Country Head Sean Goh said the number of new part-time drivers had decreased, but he is positive this situation will eventually recover.
"It is normal that during a transition period we see a decrease.
"We are finding the best solution for all (parties) as we understand the majority of our drivers are part-timers and their income from Grab contributes 30 per cent to their household income," he told reporters after meeting with the Council of Eminent Persons here today.
Goh said that Grab had engaged with the MOT and emphasised it would be a continuous discussion between the two parties to find common ground.
It was previously reported that e-hailing services would be subject to the same regulations as taxis, especially for licence and registration, vehicle inspection and operational requirements.
E-hailing companies must also register with the Companies Commission, or Cooperative Commission, and ensure vehicles undergo yearly inspections if older than three years.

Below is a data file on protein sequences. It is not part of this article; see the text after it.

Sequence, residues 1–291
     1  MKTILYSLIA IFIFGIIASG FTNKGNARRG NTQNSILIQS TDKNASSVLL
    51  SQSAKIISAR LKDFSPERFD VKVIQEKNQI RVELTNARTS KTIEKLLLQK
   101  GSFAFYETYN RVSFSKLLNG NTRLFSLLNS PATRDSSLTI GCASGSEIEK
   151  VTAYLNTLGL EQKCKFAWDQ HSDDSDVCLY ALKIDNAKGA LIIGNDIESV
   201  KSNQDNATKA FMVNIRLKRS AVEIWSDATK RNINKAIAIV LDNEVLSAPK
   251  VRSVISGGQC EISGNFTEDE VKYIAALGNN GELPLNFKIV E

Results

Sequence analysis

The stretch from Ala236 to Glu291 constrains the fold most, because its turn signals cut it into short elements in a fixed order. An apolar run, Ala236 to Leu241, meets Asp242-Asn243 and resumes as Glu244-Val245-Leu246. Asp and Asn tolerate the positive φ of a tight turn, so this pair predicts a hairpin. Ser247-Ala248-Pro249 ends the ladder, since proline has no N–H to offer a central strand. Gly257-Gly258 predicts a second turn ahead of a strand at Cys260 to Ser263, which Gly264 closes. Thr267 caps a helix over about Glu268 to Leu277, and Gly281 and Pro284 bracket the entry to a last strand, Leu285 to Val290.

Currently, more than 50 per cent of Grab's fleet are above three years.
Meanwhile, Goh said Grab is in discussion with various insurance companies on new insurance requirements and had yet to close the door to any interested party.
The MOT had announced that e-hailing services must provide insurance coverage for drivers, vehicles, passengers and damages to third parties.
Grab was given a grace period of one year to comply with the new regulations. - Bernama